You shift in your seat, finding any reason to not do your work. The deadlines, the work, and the stress aren’t going anywhere, yet you seek out any distraction you can find. The thought of tackling it seems untenable, so you push it away, perhaps trying to soothe yourself with statements like “I’ll circle back to it later,” “I just have too much to do,” or “It’s not a big deal in the grand scheme of things.”
Sound familiar? If not, consider yourself lucky. Procrastination is a very common experience for many people. For those of us struggling with procrastination, we know the cycle all too well. We know the work tends to pile up and the anxiety and discomfort intensifies. So we push the work away, escaping or avoiding the stress or anxiety. And by doing so we end up strengthening the vicious cycle of procrastination.
If we know this, then why do we continue to procrastinate? If we are aware of the cycle, why do we keep repeat it time and time again?
Procrastination does provide us with some temporarily relief. If focusing on a deadline makes us feel anxious, then ignoring it or pushing away from the deadline will, for a moment, reduce our anxiety. This is true for any situation that makes us feel uncomfortable. If we remove the source of those feelings, then we will feel less anxious, stressed, or sad.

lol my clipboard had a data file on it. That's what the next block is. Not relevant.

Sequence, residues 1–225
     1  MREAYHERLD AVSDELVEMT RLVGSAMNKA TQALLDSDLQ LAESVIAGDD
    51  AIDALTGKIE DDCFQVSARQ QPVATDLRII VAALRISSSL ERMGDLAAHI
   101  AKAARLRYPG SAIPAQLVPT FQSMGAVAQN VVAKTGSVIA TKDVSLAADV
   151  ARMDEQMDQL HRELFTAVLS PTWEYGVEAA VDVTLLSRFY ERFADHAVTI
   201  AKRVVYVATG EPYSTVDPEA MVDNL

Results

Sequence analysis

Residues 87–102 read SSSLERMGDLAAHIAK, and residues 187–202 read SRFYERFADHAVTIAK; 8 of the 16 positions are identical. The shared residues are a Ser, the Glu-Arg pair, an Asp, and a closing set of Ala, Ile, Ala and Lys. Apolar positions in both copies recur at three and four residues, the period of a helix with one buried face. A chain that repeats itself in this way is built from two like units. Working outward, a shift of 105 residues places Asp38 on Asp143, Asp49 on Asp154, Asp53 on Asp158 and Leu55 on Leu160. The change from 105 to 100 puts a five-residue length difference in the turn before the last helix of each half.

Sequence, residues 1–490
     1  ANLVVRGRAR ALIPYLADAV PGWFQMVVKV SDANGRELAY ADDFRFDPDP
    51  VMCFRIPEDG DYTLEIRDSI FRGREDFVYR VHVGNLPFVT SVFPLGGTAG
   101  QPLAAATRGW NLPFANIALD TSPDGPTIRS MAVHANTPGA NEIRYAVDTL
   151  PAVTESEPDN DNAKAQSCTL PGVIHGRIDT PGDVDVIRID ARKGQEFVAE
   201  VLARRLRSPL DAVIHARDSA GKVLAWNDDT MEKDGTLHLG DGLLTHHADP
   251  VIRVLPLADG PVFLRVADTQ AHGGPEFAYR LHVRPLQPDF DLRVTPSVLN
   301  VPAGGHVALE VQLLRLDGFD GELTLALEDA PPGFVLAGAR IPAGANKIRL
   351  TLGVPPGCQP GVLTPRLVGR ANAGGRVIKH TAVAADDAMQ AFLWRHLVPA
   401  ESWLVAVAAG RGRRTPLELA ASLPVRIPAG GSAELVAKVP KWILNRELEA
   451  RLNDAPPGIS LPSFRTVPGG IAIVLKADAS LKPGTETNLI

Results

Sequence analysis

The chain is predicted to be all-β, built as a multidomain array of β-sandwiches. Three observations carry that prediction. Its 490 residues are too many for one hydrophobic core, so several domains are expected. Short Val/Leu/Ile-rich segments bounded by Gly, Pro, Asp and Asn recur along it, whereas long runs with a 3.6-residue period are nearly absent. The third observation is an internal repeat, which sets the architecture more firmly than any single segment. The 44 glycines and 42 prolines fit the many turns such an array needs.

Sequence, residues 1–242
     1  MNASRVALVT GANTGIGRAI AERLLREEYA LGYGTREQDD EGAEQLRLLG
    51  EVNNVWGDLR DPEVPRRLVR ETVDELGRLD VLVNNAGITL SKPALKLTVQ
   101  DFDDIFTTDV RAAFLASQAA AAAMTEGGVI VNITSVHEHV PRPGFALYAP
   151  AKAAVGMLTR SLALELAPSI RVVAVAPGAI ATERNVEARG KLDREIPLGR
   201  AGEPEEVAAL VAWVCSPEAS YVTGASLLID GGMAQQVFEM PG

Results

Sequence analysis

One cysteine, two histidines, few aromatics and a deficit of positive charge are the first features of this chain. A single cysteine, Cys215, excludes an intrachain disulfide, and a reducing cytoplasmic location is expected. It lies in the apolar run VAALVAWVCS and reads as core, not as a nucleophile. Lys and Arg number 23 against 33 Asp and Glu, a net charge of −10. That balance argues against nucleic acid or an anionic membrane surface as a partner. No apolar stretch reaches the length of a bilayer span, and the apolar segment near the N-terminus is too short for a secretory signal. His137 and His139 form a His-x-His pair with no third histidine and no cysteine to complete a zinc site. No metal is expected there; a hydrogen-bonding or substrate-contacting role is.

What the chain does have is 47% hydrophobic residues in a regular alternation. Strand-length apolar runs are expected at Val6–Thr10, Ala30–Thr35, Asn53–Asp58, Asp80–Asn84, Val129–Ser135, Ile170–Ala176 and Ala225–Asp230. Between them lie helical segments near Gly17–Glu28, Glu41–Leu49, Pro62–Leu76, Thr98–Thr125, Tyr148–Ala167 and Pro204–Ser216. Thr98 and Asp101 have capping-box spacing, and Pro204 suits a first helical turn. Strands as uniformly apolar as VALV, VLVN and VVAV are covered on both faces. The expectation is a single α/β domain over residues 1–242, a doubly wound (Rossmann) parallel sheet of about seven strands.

The trouble is with the connection between putting things off and the reduction in our anxiety or distress. Because procrastinating leads to short term relief (with an emphasis on short term), we are more likely to procrastinate when we feel uncomfortable or overwhelmed. This leads to the vicious cycle of procrastination: avoidance becomes the go-to response to stress and discomfort.
The good news is there are strategies which can help disrupt the cycle of procrastination. Some of these strategies include:
-breaking goals down into smaller, more achievable subgoals
-developing a schedule and setting reminders
-practicing coping skills aimed at reducing anxiety and stress
You might already be aware of some of the techniques listed above. And yet, procrastination remains a problematic issue. Often times, enlisting the help of a therapist or counselor can be a very helpful, maybe necessary, component of breaking out of the procrastination prison. We are each at the center of our own issues, and it often requires an outside perspective to help us out of the tunnel vision we all too often find ourselves in.
Procrastination may have been part of your past, and it may be part of your present. But imagine a future with less worry and anxiety, and instead more productivity and confidence. Contact me today here or by phone at (954) 380-8980 and let me help you down this path. I look forward to hearing from you soon!